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State regulators are reprimanding a Blue Cross and Blue Shield of Minnesota subsidiary after a federal report questioned whether the company failed to suspend payments to a health care provider as requested by the state.

The Minnesota Department of Human Services (DHS) outlined a corrective action plan for Blue Plus, the insurance company's HMO division, in a May 22 letter obtained by the Star Tribune.

The state alleges Blue Plus for several years breached contract provisions related to monetary recovery in instances of fraud and abuse by HMO subcontractors.

In a statement, the Eagan-based health insurer says it's talking with DHS to substantiate the accuracy of conclusions reached by the federal government and whether there was a misunderstanding over how the health plan handles payment suspensions.

"We have provided DHS with documentation on how our Blue Plus HMO did have appropriate policies and payment suspensions already implemented at the direction of the state in all instances where there was an active contract with the provider," the health insurer said.

The letter followed a draft report from the federal Centers for Medicare and Medicaid Services (CMS) in March about program integrity and managed care oversight, which identified a risk to the Minnesota Medicaid Program. Neither state nor federal officials have provided the Star Tribune with a copy of the draft report.

CMS has also called on the state to make sure Blue Plus promptly notifies a Medicaid fraud control unit whenever it suspends payments to a health care provider.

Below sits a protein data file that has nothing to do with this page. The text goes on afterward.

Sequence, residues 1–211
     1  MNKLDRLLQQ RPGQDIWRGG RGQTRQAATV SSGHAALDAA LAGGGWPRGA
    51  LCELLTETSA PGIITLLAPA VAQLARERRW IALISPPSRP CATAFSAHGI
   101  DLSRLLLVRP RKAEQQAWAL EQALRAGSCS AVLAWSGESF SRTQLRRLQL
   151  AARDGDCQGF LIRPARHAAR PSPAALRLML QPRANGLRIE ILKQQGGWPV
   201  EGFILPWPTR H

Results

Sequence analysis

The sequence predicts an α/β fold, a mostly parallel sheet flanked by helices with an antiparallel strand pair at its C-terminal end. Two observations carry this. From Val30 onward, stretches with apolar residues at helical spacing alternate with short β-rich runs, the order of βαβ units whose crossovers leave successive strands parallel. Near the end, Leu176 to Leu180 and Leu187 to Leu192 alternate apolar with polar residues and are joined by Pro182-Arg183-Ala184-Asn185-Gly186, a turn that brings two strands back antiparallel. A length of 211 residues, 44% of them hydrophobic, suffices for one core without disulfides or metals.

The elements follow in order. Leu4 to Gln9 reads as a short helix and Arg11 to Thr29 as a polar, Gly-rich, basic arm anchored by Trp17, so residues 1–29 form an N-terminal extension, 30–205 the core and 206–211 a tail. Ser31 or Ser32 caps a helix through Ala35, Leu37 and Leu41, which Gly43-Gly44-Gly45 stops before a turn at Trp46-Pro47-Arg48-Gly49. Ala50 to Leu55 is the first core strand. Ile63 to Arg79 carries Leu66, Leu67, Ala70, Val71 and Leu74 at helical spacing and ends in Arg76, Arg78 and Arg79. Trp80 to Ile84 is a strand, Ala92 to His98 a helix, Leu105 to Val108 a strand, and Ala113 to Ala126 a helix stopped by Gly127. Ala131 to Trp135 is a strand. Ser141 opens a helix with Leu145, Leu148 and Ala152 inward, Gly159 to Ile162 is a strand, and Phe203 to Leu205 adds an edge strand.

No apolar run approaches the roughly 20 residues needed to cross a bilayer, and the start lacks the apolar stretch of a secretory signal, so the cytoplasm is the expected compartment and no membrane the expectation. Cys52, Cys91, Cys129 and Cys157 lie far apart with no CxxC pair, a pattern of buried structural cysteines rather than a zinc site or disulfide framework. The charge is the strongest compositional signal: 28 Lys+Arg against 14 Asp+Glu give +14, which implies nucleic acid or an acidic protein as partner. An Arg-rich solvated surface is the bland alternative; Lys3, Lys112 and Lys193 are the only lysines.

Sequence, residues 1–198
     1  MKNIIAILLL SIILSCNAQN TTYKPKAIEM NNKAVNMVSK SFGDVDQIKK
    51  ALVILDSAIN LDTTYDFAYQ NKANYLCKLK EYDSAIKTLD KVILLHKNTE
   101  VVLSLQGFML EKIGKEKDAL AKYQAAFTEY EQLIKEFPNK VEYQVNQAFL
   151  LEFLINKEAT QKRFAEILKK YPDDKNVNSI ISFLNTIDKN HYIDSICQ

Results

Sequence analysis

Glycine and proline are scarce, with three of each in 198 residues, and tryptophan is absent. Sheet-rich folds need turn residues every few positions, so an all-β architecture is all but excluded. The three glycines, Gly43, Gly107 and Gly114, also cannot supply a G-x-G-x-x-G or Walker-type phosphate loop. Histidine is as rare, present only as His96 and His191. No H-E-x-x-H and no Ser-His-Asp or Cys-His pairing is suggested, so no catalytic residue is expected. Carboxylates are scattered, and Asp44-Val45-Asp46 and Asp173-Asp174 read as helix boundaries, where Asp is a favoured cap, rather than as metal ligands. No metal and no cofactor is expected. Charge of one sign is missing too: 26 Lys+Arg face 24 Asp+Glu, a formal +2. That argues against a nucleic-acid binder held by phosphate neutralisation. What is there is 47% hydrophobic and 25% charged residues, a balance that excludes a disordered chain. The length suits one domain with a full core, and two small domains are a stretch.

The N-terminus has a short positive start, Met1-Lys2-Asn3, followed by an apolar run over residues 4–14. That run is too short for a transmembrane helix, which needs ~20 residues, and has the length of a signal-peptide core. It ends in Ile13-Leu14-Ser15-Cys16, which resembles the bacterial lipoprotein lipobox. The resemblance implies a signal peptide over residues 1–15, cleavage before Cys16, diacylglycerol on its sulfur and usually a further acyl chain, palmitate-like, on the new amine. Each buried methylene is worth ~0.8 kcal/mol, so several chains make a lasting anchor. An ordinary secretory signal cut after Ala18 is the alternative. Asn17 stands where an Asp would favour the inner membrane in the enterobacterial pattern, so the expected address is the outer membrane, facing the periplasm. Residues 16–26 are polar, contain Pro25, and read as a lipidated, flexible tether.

Medicaid provides coverage for lower-income residents and certain elderly/disabled populations.

State officials wrote in the May 22 letter that Blue Plus was "in breach of DHS contract for Prepaid Medical Assistance and MinnesotaCare" between 2019 and 2022.

"Failure to cure this breach or return the completed [corrective action plan] ... may result in further remedies or sanctions," the letter said.

Blue Plus said when it receives notice from the state to stop payments, it does so through a process called "prepayment review" that could be misunderstood as merely a delay in payment.

"In all cases where Blue Plus was directed by the state to stop payments for specific providers, we did so in a timely manner and in compliance with our contract requirements," the HMO said in a statement.

Blue Plus is one of several private HMOs hired by the state to manage care for people enrolled in the Prepaid Medical Assistance and MinnesotaCare programs. These are the largest sources of coverage within Minnesota's Medicaid programs, which collectively were providing coverage to about 1.1 million people in June.

Medicaid is jointly funded by the state and federal governments.

In January 2023, the Star Tribune reported on eight corrective action plans issued by DHS to Blue Plus between 2018 and 2020 that resulted in fines exceeding $13 million. Those problems involved an outside vendor responsible for claims processing and customer service, but Blue Cross said this vendor's work was not the subject of the most recent corrective action plan.